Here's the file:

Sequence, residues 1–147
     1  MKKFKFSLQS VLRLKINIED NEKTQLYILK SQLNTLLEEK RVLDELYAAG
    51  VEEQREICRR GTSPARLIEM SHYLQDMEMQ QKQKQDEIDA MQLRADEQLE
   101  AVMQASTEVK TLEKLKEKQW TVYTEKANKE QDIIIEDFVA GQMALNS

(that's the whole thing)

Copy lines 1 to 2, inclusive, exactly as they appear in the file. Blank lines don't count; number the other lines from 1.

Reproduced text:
Sequence, residues 1–147
     1  MKKFKFSLQS VLRLKINIED NEKTQLYILK SQLNTLLEEK RVLDELYAAG